Ambras and Ellis swear they’re prepared to protect the privacy of job seekers -- although they caught some initial heat at DEMO on that score -- and protect employers against "professional interviewers." An eBay-like reputation service will help weed out those who are looking for a quick buck rather than career advancement.

"The hard part of finding great people and hiring them is getting them in the door," Ambras says. And, since recruiter fees can hit $30,000-plus for a hire making $100,000, he believes employers will see NotchUp as an economical alternative.

Now back to Good2gether

Nonprofits such as the Red Cross and American Heart Association always need help finding do-gooders, in some part because their static Web sites attract few visitors.

Do-gooders often need help finding the best outlets for their energies and contributions, especially when the headlines are filled with news of disaster and hardship.

Media Web sites such as Boston.com and SFGate.com certainly need help engaging readers, finding cheap/free content and generating revenue -- but they have the online eyeballs nonprofits cannot attract.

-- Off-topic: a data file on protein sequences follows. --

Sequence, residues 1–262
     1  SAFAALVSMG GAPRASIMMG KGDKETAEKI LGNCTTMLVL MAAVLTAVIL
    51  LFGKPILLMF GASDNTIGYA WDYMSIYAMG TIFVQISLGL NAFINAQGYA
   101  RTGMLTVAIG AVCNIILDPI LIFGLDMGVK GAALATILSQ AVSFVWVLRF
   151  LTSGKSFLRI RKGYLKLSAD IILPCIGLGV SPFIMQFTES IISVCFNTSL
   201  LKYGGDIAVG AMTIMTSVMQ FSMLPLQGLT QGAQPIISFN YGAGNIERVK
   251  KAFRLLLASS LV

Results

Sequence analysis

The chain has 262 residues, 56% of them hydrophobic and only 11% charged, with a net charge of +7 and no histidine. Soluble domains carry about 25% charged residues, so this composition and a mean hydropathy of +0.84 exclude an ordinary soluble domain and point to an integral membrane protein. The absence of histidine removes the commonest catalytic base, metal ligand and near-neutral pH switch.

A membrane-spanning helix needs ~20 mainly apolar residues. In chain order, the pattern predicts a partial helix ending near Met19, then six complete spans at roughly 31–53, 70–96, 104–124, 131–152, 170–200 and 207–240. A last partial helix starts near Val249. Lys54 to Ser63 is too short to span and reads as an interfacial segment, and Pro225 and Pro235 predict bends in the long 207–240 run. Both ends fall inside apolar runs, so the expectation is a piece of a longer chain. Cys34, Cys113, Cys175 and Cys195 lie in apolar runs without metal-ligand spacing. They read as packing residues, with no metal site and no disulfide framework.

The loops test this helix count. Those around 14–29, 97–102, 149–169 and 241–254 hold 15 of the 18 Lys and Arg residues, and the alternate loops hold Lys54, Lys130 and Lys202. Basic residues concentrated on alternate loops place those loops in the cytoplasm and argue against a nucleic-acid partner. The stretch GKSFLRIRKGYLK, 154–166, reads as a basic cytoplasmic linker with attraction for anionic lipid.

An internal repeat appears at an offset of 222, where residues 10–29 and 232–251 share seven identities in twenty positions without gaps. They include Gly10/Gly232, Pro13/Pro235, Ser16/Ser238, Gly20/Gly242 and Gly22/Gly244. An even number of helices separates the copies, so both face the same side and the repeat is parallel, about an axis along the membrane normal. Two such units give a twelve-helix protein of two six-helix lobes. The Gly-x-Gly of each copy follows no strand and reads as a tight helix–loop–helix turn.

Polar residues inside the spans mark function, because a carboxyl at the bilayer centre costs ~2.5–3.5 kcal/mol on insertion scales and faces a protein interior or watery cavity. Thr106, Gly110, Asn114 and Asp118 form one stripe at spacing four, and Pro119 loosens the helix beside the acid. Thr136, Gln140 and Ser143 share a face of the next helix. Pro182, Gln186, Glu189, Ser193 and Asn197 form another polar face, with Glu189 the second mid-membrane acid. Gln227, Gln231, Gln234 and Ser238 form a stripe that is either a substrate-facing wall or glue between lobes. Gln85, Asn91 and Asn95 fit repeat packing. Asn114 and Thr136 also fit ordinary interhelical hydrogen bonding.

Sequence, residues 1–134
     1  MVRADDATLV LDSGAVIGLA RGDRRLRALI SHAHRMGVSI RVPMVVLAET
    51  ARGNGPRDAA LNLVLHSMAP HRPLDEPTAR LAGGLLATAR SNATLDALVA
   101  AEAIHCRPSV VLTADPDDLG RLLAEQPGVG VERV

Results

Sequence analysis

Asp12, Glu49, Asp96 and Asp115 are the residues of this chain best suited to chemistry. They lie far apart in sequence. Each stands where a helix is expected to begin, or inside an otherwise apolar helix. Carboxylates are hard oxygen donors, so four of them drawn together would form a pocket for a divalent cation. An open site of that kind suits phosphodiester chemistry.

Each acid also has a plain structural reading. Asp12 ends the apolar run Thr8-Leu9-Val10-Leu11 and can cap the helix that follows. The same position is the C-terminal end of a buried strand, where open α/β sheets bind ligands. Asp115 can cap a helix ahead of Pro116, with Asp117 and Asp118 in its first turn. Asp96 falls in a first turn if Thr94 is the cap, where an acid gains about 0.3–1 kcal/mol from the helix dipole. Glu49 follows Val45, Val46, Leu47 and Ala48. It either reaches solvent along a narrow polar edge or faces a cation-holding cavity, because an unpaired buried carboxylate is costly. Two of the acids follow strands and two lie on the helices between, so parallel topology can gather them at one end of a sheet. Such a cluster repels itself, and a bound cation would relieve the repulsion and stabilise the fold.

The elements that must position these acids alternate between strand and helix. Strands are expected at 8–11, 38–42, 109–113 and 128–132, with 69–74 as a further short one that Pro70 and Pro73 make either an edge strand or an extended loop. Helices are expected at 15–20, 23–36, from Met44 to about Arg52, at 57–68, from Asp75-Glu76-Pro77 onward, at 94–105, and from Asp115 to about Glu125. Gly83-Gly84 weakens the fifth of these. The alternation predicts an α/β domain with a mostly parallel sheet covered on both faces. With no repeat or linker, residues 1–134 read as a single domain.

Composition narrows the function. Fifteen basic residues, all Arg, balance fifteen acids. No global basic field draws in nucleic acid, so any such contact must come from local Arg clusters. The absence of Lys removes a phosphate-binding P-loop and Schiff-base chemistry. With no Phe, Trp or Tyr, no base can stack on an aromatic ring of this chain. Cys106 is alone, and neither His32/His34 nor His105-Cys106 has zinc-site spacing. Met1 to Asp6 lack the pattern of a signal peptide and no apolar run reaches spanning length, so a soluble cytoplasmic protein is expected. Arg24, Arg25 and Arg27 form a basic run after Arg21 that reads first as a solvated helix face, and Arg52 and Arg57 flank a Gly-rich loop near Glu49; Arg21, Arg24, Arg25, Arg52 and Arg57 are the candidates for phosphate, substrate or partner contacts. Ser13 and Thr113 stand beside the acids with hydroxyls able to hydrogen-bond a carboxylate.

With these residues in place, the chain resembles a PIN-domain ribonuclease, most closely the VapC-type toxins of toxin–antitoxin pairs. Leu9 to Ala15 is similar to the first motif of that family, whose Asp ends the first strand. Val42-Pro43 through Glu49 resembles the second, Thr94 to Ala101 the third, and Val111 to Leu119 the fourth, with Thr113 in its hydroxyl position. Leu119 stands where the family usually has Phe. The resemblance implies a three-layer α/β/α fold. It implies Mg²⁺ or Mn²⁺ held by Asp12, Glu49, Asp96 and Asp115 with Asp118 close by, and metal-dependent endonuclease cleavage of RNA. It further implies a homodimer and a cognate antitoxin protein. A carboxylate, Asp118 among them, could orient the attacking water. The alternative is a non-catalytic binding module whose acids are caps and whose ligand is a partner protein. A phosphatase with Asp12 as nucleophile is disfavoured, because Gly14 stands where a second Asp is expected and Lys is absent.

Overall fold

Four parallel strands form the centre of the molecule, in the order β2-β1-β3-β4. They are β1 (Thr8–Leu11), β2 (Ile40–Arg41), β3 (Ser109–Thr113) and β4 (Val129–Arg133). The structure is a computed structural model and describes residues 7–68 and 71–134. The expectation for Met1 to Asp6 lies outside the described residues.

And, finally, brand-name corporations need help making themselves look more like do-gooders and less like robber barons.

Good2gether is stepping up to help by connecting all four parties -- and turning a buck for itself in the process, of course.

At the risk of sounding like a goody-goody, this meshing of needs and deeds just might work, provided Good2gether can deliver the back-end search and content-management capabilities that founder Greg McHale showed me during our chat. The reason is that all of the needs are genuine, the specific organizations mentioned are already on board (as well as a host of others we’ll get to in a minute), and only one of the four groups is being asked to pony up any cash: those deep-pocketed robber barons, who can stand to part with a buck or two.